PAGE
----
As the U.K. government moves ahead with a national identification card plan, it should be based on open standards, the executive director of the Liberty Alliance said at a press briefing in London.
While the U.K. announced in May that it hopes to start issuing national ID cards by 2008, resolving broad issues of how citizens may interact with an increasingly Web-based government may be years away. However, companies are already speculating as to how the identity -- and security -- of people who access government information may be verified and managed.
Some private companies, such as General Motors and Fidelity Investments, have adopted a federated identity approach: the use of a single-source authentication entry point for customers. With a single user name and password, customers can pass to different Web sites without re-entering their information.
With government, as well, "you have to have a federated approach," said Donal O'Shea, executive director of the Liberty Alliance.
The Liberty Alliance Project, a consortium of companies and government organizations, creates standards for identity federation. Formed four years ago, the Liberty Alliance -- backed by IBM, Sun Microsystems and others -- has worked with the Organization for the Advancement of Structure Information Standards (OASIS) to develop SAML (Security Assertion Markup Language) for identity federation. A third organization, WS-Federation, backed by Microsoft, is also working on a federated identity standard.
The standard -- if any -- that is used by governments could have a strong impact on vendors vying for large-scale government IT infrastructure contracts.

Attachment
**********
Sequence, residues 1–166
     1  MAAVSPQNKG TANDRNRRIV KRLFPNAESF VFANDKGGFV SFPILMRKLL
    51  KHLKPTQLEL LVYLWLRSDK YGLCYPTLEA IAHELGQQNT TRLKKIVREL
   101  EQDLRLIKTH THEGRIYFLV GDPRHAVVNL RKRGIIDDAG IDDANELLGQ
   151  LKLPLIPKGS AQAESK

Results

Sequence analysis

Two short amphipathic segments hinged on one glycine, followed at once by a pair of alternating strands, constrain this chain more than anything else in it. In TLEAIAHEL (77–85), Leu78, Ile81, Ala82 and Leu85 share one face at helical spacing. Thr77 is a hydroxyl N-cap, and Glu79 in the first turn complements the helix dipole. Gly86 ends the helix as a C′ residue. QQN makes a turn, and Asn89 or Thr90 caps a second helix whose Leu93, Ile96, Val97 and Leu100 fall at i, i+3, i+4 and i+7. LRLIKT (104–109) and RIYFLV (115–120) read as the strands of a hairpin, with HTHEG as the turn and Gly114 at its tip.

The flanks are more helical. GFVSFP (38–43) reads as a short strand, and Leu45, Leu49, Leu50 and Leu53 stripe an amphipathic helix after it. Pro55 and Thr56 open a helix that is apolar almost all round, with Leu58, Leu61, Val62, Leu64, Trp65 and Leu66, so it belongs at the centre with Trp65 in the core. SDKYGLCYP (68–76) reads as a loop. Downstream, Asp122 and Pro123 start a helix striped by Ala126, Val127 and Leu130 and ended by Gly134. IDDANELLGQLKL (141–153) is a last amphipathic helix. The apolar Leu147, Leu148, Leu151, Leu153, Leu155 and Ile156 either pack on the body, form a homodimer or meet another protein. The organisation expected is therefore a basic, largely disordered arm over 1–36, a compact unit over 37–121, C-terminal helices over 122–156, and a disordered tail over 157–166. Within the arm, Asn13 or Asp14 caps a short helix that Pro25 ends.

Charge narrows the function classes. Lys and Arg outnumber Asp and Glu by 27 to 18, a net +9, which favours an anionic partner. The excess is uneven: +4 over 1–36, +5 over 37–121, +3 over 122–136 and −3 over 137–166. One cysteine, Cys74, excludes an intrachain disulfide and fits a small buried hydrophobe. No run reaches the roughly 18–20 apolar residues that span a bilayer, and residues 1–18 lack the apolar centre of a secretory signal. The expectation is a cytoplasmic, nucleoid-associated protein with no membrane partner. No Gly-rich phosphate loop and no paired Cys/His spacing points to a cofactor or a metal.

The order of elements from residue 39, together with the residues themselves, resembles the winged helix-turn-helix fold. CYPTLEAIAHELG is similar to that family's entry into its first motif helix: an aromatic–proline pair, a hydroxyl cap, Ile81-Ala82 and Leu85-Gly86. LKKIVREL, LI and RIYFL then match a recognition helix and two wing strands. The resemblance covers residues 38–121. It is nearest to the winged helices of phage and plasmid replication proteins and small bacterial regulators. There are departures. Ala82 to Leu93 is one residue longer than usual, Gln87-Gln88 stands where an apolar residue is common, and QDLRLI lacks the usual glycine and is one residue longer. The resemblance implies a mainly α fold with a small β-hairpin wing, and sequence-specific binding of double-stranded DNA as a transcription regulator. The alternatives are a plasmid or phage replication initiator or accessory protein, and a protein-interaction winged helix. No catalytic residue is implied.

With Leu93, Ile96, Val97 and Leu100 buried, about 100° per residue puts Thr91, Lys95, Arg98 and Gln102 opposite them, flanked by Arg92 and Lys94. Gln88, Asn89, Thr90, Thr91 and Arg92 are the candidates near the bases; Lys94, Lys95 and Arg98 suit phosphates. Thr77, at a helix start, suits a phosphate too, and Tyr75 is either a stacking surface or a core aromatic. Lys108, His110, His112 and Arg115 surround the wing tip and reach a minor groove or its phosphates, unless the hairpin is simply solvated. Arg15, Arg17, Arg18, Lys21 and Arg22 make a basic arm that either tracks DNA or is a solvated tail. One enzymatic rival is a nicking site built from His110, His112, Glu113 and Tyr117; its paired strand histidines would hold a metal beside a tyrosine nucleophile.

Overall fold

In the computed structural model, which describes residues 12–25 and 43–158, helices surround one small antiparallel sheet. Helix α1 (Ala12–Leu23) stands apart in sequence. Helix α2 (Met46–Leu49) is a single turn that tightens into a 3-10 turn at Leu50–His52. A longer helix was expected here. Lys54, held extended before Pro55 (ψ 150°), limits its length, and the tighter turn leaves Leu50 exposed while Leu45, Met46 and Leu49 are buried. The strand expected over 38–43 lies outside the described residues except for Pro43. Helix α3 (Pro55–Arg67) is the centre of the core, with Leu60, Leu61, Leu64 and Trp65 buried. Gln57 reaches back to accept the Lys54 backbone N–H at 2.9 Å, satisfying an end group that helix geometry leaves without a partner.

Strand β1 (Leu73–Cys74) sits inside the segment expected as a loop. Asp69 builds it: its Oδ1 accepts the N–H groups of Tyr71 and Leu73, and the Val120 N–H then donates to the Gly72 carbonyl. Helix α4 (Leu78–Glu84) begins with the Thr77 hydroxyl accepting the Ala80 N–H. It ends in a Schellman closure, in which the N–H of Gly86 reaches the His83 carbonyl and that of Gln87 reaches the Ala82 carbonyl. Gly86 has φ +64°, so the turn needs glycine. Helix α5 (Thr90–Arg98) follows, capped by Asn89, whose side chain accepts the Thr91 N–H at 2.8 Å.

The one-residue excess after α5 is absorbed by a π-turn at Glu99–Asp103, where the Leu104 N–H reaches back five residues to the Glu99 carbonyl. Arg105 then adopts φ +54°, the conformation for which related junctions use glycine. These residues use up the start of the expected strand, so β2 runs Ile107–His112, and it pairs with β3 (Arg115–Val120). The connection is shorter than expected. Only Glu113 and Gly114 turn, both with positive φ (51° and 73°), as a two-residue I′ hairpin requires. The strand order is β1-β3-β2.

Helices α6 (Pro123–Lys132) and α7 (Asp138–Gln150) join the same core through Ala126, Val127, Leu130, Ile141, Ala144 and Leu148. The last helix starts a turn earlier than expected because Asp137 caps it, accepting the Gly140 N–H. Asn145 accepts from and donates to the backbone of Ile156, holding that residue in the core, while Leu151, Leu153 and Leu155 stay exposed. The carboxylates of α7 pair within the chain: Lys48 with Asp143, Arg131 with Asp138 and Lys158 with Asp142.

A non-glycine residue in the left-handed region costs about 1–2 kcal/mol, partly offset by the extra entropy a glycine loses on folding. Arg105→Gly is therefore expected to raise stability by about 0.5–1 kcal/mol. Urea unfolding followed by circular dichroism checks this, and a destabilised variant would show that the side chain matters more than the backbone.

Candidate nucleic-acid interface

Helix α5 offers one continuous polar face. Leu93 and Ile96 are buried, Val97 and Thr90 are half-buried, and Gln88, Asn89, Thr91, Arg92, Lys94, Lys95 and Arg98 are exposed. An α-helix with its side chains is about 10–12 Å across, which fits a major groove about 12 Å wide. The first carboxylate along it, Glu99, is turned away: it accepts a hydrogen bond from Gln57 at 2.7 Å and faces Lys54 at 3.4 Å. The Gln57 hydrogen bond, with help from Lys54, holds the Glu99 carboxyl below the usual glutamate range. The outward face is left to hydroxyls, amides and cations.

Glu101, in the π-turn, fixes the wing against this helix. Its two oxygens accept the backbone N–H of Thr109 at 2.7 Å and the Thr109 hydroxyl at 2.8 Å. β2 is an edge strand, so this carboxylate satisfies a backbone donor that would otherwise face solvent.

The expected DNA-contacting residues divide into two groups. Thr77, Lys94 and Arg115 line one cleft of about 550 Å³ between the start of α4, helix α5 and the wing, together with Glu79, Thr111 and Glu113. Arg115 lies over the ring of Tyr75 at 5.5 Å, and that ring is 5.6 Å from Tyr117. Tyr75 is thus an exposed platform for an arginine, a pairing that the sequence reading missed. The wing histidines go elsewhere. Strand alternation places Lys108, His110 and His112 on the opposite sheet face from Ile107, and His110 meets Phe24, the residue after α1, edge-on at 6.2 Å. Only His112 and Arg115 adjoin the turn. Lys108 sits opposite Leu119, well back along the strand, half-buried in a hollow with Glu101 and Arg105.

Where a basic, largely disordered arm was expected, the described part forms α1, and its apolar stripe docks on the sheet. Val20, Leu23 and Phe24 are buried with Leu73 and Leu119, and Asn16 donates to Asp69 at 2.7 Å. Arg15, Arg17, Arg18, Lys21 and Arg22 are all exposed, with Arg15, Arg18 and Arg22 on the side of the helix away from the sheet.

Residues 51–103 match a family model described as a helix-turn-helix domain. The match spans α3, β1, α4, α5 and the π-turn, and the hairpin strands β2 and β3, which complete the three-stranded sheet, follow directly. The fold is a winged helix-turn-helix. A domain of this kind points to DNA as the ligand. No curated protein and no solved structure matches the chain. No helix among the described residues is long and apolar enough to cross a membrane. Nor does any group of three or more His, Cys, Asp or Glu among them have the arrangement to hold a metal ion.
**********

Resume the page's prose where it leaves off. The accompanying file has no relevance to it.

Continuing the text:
The technology adopted by the U.K. government should be an open-source standard that will allow people to verify who they are across many organizations, O'Shea said. It should not make the "classic mistake" of not allowing for flexibility in databases that might be in use for up to 50 years for services yet to be envisioned, he said.
The adoption of standards for national ID cards could have implications for both the private and public sectors.
In July 2004, IBM signed a deal with France Telecom SA's mobile division for a single-sign on service for customers accessing different Web sites and mobile services using Liberty Alliance standards. Questions were raised in France as to whether hackers would be able to aggregate information stored across systems, O'Shea said. While nothing is impossible, O'Shea said "we were able to show them that's not the way it works."
Civil liberties and privacy rights questions remain among the public in regard to national ID cards, and whether people will trust and accept the concept of identity federation. "Ultimately, the right not to have information be used by anyone who wants to should be there," said Graham Kemp, head of the U.K. public sector for Sun.